By Richard Girard
“When liberty is mentioned, we must always be careful to observe whether it is not really the assertion of private interests which is thereby designated.”
Georg Hegel (1770–1831), German philosopher. The Philosophy of History, part 4, section 3, chapter 2 (published 1837).
It is the duty of free people everywhere is to speak out against the wrongs they see occurring in their country, even if their position is unpopular. It is however equally important, in the words of Davy Crockett, to “Make sure you’re right, then go ahead.” Pursuing a course of action on the basis of false information, because it fits in with our idealized vision of the world as we think it is, and not how things actually are, is foolish and counterproductive to the desires of anyone who honestly wants a better world for all, and not a Potemkin village to satisfy their own delusions.
Speaking out against the oppression of others, the lies of our leaders, the misrepresentations of the media, and any attempt to stifle honest disagreement and dissent, is a duty we should be taught from the cradle, and be reminded of until we are in our graves. But we must beware of error, of mistakes made through incorrect information, of false suppositions, and of erroneous perceptions. We must also learn to express ourselves clearly to all, so that people do not misunderstand our intentions or the knowledge and beliefs that underlie them. This is one of the reasons why I am a supporter of Senator Bernie Sanders of Vermont for President of the United States.
Senator Sanders claims to be a Democratic Socialist; all I can say is more power to him. But looking at history the domestic programs that he proposes for our country differ by only the most imperceptible degree from those of the man who was President of the United States when he was born, Franklin Delano Roosevelt. President Roosevelt’s Second Bill of Economic Rights, proposed on January 11, 1944, could serve as the basis for both Senator Sanders’ and the Democratic Party’s 2016 platform, under a banner of “Return to the Future.” These rights include:
- useful and remunerative employment, together with the potential to find an avocation and not simply a job;
- wages that provide adequate food, clothing, opportunity for recreation, and decent shelter for themselves and their families;
- adequate medical care and the opportunity to achieve and enjoy good health;
- protection from unfair competition and monopolistic practices at home and abroad, for every business in America, large and small;
- the ability of farmers and ranchers to raise and sell the bounty of their lands at a return which will give themselves and their families a decent living;
- protections from the fears attendant to old age, sickness, accident, and unemployment;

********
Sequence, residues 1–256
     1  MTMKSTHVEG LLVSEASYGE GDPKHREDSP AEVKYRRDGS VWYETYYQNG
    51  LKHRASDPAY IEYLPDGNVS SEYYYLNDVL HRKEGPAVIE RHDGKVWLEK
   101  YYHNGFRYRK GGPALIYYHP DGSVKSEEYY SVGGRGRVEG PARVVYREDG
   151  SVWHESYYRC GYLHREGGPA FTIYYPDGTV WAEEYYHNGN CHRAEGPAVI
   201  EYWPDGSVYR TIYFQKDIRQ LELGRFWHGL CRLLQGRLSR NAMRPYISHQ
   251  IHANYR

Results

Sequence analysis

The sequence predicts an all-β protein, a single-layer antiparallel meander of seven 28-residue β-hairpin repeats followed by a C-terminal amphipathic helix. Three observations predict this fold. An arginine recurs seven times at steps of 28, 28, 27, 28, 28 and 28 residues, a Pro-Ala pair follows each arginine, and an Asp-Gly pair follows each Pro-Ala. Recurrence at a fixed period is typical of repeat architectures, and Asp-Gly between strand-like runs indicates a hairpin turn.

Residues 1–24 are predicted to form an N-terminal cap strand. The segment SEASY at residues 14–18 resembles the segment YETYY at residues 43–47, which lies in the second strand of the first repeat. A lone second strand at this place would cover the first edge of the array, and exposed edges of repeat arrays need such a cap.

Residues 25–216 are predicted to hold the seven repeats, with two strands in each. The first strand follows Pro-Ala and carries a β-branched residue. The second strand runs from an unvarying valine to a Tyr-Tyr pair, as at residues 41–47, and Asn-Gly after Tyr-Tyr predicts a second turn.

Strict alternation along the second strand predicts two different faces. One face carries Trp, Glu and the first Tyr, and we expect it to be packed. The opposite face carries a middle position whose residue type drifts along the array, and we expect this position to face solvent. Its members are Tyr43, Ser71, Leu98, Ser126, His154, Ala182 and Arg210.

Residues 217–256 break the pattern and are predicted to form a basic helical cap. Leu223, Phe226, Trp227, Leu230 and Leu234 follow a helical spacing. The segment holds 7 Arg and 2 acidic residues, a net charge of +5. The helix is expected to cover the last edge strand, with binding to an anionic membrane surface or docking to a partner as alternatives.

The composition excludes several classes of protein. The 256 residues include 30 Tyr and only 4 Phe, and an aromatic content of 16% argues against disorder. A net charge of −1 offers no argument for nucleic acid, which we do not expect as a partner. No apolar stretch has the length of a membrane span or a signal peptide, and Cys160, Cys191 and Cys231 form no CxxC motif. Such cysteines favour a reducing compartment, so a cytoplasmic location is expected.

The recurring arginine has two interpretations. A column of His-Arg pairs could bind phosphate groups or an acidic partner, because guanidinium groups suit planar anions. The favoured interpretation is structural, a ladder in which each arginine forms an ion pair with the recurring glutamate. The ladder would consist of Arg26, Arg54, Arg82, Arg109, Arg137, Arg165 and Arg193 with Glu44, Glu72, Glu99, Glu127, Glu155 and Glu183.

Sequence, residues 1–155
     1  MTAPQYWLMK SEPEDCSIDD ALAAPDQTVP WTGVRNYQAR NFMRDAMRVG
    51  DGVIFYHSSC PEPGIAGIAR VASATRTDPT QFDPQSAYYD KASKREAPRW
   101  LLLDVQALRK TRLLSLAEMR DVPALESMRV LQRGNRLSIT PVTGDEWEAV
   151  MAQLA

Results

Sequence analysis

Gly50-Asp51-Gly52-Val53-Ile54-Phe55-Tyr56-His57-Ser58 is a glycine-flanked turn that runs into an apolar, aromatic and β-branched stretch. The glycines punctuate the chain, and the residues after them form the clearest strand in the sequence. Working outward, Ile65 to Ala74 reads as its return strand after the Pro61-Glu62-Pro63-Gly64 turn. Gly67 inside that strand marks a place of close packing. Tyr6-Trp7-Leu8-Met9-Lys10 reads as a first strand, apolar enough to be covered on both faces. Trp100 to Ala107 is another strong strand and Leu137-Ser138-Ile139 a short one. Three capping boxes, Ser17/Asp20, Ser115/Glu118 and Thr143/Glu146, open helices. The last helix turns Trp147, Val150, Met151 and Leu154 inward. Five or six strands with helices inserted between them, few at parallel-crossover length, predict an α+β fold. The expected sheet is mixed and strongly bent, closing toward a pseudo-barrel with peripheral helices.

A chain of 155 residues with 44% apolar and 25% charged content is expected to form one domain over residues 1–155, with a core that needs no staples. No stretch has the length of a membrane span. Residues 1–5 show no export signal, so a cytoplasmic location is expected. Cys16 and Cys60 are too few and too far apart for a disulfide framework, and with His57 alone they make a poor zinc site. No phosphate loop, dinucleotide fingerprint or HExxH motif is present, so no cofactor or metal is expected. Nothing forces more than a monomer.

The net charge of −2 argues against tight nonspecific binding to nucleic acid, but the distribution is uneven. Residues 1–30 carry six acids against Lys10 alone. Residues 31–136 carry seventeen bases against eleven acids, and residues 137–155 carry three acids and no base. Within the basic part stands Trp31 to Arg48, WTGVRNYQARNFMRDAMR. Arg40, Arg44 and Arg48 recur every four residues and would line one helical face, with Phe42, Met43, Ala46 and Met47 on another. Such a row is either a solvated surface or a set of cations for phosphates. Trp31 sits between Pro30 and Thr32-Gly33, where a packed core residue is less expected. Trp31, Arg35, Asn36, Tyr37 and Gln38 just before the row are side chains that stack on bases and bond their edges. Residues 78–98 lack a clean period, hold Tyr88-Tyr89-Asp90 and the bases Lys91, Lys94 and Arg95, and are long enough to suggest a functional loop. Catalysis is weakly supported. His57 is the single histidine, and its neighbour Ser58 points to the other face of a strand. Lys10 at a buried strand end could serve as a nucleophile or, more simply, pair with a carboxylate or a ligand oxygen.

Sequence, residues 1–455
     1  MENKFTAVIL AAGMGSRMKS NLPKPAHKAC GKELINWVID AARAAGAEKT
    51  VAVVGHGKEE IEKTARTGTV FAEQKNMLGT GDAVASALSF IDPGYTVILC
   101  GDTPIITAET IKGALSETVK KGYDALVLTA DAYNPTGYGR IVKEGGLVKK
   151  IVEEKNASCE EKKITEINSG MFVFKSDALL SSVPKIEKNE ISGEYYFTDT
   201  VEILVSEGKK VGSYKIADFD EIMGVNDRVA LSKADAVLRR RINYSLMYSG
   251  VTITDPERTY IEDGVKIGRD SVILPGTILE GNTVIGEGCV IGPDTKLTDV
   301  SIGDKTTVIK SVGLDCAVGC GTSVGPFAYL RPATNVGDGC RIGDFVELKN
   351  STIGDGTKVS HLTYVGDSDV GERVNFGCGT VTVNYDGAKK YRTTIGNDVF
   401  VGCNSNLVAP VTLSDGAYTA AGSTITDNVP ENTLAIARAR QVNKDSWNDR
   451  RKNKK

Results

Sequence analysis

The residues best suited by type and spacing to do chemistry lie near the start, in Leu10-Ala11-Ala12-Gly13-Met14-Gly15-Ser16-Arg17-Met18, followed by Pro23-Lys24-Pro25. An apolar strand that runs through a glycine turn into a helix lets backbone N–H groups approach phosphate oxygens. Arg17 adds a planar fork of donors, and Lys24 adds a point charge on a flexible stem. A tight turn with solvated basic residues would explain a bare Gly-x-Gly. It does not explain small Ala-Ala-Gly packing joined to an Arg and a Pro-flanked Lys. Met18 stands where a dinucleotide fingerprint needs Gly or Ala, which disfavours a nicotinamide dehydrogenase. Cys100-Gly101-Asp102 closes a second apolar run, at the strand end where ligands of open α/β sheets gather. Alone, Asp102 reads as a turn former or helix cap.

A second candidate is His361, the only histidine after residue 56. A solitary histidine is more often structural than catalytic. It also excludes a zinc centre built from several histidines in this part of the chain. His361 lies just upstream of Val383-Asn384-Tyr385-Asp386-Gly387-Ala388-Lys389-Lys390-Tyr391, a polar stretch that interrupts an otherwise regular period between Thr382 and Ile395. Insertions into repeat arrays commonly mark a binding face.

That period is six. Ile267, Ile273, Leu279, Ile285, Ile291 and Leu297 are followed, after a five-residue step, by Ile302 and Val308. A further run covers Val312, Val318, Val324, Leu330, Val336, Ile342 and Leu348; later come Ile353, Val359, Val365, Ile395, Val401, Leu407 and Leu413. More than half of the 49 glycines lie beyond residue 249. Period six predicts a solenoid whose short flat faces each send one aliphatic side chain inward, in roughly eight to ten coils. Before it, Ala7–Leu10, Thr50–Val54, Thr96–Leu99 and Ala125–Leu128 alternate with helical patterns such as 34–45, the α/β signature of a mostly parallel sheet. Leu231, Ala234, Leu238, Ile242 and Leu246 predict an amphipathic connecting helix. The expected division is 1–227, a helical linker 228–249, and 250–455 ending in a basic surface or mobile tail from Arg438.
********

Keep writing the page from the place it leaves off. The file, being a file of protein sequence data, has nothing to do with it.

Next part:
- a good, quality education, sufficient for the needs of our modern society; an education that is ongoing if needed or desired.
I quote here from John Nichols’ article, “How Socialists Built America,” first published in the The Nation, and reprinted at OpEdNews.com on April 16, 2011:
“Truman had stirred conservative outrage by arguing that the government had the authority to impose anti-lynching laws on the states…[And] proposing a national health care plan…[He] had not [only] won the  election but restored Democratic control of Congress. To counter this ominous electoral trend, conservative Republicans, led by Ohio Senator Robert Taft, announced in 1950 that their campaign slogan in that year’s Congressional elections would be ‘Liberty against Socialism.’ They then produced an addendum to their national platform… charging that Truman’s Fair Deal ‘is dictated by a small but powerful group of persons who believe in socialism, who have no concept of the true foundation of American progress, and whose proposals are wholly out of accord with the true interests and real wishes of the workers, farmers and businessmen.’
Truman did not cower at the mention of the word socialism, which in those days was distinguished in the minds of most Americans from Soviet Stalinism…Nor did Truman…rave about the evils of social democracy. Rather, he joked that ‘Out of the great progress of this country, out of our great advances in achieving a better life for all, out of our rise to world leadership, the Republican leaders have learned nothing. Confronted by the great record of this country, and the tremendous promise of its future, all they do is croak, ‘socialism.’”
The Republicans are past masters of using the politics of fear, whether it is of “creeping socialism,” Sharia law, or dirty, criminal immigrants, they like to confuse reality by playing on voters’ fears of the unknown, the different, and the other, until they vote on a narrow band of issues against their own wider self-interest. The current crop of Republicans in power are not conservatives, they are reactionaries.